Senator HILLARY CLINTON (Democrat, New York): What happens right here at this university, this is what we must emphasize. But it's become harder, hasn't it? It is now more expensive to go to college than it was when I was going to college. We're not giving people enough aid. We're not investing in the future the way we used to.

HOCHBERG: Clinton's forum in Allen's Gym was her first public campaign stop in South Carolina, a state where African-Americans make up about half the likely Democratic primary vote. And for students here, it conveyed an important symbolic message.

Sophomore biology major Jeffrey Wilson(ph) was among about 3000 people who attended Clinton's event.

Mr. JEFFREY WILSON (Sophomore, Allen University): She cares about, you know, minorities as well as everything else. As far as she's concerned, everybody's her people. She comes to speak, shakes hands. (Unintelligible) Allen is a private institution, kind of a small school and she kind of sent students into a frenzy, everybody calling their moms like, Hillary's coming to school! Hillary's coming to the school!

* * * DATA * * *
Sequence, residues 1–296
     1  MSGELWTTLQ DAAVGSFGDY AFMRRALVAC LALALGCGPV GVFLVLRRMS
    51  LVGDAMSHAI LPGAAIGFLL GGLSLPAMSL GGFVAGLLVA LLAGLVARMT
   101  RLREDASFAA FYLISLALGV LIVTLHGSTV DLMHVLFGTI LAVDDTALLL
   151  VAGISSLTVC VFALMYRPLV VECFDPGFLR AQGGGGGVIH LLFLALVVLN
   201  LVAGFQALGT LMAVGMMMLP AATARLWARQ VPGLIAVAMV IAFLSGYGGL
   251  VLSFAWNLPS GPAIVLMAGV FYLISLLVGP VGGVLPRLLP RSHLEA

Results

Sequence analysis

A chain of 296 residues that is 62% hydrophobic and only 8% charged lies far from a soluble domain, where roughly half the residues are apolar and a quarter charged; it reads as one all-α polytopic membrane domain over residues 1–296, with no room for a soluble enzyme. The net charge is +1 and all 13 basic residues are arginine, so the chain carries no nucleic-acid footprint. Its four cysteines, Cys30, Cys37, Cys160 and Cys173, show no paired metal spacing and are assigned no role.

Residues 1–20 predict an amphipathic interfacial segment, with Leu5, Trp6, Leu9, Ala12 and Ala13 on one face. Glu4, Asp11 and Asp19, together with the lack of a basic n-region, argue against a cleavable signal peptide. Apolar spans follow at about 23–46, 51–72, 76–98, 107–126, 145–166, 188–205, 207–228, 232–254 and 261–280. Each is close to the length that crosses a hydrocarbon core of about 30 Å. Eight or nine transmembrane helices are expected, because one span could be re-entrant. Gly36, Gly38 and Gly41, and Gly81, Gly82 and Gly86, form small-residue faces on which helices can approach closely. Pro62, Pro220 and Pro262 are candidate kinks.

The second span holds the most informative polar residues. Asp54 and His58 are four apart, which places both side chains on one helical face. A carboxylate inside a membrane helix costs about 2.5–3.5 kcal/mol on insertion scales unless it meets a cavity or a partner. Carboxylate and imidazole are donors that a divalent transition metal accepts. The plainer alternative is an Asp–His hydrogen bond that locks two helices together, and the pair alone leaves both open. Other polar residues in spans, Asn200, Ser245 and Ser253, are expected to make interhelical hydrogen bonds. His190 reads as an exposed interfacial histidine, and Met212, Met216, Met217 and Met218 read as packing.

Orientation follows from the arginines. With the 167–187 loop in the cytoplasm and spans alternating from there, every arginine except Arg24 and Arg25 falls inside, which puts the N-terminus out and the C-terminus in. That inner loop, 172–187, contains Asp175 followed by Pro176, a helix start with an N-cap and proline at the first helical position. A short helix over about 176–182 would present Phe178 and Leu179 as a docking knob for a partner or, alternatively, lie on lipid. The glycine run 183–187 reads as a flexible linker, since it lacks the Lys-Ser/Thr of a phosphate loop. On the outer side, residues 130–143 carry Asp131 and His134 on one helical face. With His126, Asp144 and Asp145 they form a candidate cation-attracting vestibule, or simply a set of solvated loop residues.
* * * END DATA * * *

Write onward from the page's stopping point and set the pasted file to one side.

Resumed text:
HOCHBERG: Still, even after hearing Clinton speak, Wilson hasn't decided for sure whether to vote for her. Indeed, while Clinton has been endorsed by several South Carolina black leaders who fondly remember her husband and his record on minority issues, analysts say she'll have to work hard for the young vote.

Todd Shaw teaches politics and African-American studies at the University of South Carolina. He says many of his students relate to Obama more.

Mr. TODD SHAW (African-American Studies, University of South Carolina): Here is someone who's 45 years of age who, like them, wouldn't have been at Selma, Alabama or wouldn't have marched with Dr. King in Chicago, but likewise has sort of those elements that the younger generation might find appealing in his newness and the ways in which he really is of their generation in some regard.

(Soundbite of song, "Respect")

Ms. ARETHA FRANKLIN (Singer): Think. Let your mind go. Let yourself be free.